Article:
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Now that’s what I call a ‘Now That’s What I Call Music’ breakdown

Calling it.


Luke Winkie

Internet Culture

Posted on Oct 11, 2015   Updated on May 27, 2021, 8:07 pm CDT

You know that unsourced proverb about monkeys and Shakespeare? The one that essentially claims that an aimless word generator will eventually spit out the greatest works of mankind? I’ve always found that concept fascinating because it’s kinda true: There are just so many novel possibilities when you combine unbridled randomness with literal infinity.

I’m speaking, of course, about Now That’s What I Call Music, the inexplicably immortal compilation album series—which just celebrated its 56th edition earlier this year. We all have great nostalgia for Now Music because the commercials were unavoidable, but also because their business model was hilarious. They grabbed any 20 hits, no matter how mediocre, and sold them in between episodes of Johnny Bravo.

At the time, I didn’t care, but as I age, I’ve started to realize that the Now series is the closest we’ve come to seeing the “monkeys and Shakespeare” proverb realized. There’s no way Now compilations are put together by real humans, right? They have no point of view whatsoever and are created simply to exist. However, that also means by mathematical law, there have to be a few legit classic Now albums. I’m not saying they’ve pounded out the works of Shakespeare, but they must’ve come close a few times right?

With that, I present you the five objectively best Now That’s What I Call Music compilations. Let’s put our faith in the machines!

5) Now That’s What I Call Music 43

Year: 2012
Best Song: “Midnight City,” M83
Worst Song: “Back in Time,” Pitbull

Look, man, this is totally just another random Now Music compilation, which feels even more unorganized due to our decentralized moment in pop music. That being said, how crazy is it that M83 were on a Now album? It’s so unbelievable that I have to include it. Music is so weird now.

4) Now That’s What I Call Music 17

Year: 2004
Best Song: “Lean Back,” Terror Squad
Worst Song: “Angels,” Jessica Simpson

There’s a lot of mid-decade hip-hop and R&B flotsam in the Now Music compilations, but I really can’t complain about “Lean Back,” “Goodies,” “Let’s Get it Started,” and “Ch-Check It Out.” I mean, that’s all stuff you listened to intentionally at parties in 2004, right? The back half gets a little more unforgivable in its butt-rock, but I’ll still take Franz Ferdinand and that one Finger Eleven song over, like, 3 Doors Down.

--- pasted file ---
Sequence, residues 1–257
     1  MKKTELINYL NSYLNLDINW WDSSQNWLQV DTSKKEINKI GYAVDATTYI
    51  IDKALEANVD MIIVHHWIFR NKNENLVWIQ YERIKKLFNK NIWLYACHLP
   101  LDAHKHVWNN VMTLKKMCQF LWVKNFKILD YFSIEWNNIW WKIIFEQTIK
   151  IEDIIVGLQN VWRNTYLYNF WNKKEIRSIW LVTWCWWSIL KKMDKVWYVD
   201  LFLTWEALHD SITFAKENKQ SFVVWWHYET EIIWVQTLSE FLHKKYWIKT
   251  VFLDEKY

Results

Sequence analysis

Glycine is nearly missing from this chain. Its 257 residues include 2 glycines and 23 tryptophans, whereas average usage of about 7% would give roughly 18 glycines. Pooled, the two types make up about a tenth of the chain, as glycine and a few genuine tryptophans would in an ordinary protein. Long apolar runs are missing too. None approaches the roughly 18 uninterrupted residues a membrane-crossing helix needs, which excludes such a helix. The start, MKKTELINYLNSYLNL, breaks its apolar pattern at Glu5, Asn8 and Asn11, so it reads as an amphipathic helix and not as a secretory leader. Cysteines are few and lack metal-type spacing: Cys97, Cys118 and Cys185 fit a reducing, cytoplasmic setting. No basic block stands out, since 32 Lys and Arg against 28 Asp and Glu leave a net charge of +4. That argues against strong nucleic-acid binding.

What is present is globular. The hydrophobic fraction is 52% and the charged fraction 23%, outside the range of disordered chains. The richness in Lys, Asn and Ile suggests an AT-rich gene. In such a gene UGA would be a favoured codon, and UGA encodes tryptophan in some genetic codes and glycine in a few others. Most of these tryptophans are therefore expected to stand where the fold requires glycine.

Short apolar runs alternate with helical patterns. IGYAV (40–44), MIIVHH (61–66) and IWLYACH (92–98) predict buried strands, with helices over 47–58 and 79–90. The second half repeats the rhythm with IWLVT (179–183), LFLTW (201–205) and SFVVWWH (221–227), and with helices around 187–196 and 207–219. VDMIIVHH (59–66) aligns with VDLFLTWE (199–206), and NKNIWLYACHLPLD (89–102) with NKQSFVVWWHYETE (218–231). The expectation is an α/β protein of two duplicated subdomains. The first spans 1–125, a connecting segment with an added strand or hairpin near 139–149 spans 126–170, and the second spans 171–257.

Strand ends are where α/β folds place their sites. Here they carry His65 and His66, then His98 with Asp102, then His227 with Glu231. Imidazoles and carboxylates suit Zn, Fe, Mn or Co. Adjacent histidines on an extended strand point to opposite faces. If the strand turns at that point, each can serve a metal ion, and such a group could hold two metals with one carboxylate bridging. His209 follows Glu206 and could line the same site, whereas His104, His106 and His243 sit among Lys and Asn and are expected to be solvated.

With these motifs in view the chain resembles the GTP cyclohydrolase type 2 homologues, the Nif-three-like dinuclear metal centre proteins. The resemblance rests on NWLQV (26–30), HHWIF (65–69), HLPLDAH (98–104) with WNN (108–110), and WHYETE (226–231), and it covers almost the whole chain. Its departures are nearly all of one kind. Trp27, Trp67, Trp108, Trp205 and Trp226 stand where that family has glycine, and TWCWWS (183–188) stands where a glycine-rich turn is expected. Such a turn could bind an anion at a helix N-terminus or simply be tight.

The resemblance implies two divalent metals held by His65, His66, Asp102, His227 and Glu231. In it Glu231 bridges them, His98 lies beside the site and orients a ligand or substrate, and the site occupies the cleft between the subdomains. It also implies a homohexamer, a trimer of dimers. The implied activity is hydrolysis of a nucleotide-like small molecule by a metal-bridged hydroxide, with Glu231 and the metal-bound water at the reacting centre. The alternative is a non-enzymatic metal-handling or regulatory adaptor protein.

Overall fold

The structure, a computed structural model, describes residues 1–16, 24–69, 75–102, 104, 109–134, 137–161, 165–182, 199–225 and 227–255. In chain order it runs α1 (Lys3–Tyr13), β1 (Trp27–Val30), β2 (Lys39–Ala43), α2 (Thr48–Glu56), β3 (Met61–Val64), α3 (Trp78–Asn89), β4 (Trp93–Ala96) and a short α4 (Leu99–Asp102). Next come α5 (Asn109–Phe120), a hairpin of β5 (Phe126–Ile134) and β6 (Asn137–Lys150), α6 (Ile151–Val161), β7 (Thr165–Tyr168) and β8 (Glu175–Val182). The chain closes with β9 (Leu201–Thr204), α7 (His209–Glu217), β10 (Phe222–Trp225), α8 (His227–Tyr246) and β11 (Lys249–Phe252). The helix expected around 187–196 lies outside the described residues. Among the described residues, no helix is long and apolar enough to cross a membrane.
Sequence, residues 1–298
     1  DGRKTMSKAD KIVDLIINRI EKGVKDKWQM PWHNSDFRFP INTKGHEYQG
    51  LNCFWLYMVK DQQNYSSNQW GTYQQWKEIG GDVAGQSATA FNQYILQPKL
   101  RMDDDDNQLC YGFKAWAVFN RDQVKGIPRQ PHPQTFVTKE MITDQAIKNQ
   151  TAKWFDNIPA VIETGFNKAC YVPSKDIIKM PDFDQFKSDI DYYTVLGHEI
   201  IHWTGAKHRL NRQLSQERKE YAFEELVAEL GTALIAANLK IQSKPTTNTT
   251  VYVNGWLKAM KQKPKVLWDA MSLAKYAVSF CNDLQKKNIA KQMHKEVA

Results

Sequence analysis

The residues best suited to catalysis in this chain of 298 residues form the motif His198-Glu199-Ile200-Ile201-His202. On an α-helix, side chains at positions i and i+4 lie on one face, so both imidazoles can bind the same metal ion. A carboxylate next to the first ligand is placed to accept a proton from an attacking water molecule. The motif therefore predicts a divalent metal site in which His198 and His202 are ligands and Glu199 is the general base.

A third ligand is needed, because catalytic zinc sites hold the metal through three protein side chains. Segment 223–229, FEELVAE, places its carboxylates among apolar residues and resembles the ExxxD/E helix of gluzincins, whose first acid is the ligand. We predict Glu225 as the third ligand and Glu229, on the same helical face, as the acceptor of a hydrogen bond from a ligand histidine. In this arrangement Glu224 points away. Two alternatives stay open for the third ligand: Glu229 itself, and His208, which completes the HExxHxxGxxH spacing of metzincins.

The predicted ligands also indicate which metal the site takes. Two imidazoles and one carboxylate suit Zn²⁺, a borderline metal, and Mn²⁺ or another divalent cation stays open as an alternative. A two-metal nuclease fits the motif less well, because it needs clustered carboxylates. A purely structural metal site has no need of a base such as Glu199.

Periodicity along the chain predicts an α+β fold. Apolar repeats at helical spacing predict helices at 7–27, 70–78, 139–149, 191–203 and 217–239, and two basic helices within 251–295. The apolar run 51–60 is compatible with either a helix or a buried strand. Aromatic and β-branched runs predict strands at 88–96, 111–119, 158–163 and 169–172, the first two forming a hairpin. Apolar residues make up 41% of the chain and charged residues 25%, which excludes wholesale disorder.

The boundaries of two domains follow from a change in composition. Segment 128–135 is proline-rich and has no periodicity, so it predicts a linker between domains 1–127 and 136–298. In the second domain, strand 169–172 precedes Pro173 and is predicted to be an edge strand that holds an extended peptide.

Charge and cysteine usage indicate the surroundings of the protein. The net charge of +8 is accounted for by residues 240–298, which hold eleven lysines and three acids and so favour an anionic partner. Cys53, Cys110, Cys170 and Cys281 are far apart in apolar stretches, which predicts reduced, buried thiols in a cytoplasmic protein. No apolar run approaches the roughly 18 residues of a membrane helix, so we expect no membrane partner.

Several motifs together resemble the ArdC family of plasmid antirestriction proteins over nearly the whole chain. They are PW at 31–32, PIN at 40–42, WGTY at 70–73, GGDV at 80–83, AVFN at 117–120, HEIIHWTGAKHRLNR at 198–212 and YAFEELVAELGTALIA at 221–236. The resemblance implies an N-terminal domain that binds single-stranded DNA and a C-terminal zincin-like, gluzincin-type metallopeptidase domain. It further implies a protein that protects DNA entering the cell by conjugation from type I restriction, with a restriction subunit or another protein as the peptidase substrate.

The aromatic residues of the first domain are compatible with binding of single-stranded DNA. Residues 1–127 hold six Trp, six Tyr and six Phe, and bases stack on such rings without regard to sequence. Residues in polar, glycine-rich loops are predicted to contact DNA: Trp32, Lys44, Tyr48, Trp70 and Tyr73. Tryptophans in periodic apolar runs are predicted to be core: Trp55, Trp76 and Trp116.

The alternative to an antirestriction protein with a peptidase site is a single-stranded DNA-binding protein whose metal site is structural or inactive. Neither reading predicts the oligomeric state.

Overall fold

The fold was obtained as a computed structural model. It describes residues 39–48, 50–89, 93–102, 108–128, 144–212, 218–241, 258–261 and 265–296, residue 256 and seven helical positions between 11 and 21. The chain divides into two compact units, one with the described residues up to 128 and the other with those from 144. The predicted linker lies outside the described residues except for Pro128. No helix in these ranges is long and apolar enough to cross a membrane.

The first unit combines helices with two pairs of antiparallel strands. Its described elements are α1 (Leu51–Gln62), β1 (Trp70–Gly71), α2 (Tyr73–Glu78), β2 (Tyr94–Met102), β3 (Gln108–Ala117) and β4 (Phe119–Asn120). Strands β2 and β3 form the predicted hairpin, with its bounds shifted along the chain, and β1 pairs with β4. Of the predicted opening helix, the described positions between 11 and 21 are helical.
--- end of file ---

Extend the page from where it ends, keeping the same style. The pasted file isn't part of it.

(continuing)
3) Now That’s What I Call Music 2

Year: 1999
Best Song: “What I Got,” Sublime
Worst Song: “Millennium,” Robbie Williams

I understand that we’re at the precise cultural vortex where any compilation coming in hot from 1998 will be met with overwhelming, barely-serious praise, but I still think this lineup is pretty hard to fuck with. Yeah, it’s weighed down with some Spice Girls cuts, but the first third shows “Closing Time” into “Sweetest Thing,” “My Favorite Mistake,” “Praise You,” and “I Think I’m Paranoid.” If that doesn’t make the tiny dad in your chest sing, I’m not sure what will.

2) Now That’s What I Call Music 20

Year: 2004
Best Song: “Sugar We’re Goin Down,” Fall Out Boy
Worst Song: “Beverly Hills,” Weezer

This is going to sound crazy, but Now That’s What I Call Music 20 is a really interesting album, historically speaking. You get the dawn of the emo-pop era (“Sugar We’re Goin Down”), the first real Rihanna song (“Pon De Replay”), the death of Weezer (“Beverly Hills”), and a bunch of surprising forgotten hits that are actually way better than you think (“Don’t Phunk With My Heart,” “Behind These Hazel Eyes”). Like, seriously, Now That’s What I Call Music 20 is a legitimate artifact.

1) Now That’s What I Call Music

Year: 1998
Best Song: “Flagpole Sitta,” Harvey Danger
Worst Song: “Zoot Suit Playa,” Cherry Poppin’ Daddies

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Yeah, that’s right: The best Now That’s What I Call Music compilation is the very first one. As I mentioned above, part of that is because the everything from the late ’90s sounds good right now, but I’d also argue that this record actually has the variety and dynamics that the brand has always promised. You get both Janet Jackson and Radiohead here. A Radiohead song that isn’t “Creep,” even! “Mmmbop,” “Fly Away,” “Sex & Candy,” and motherfucking “Barbie Girl” for good measure. My only real complaint is that Now Music was never this good again.

Photo via Hernán Piñera/Flickr (CC BY-SA 2.0)

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*First Published: Oct 11, 2015, 11:00 am CDT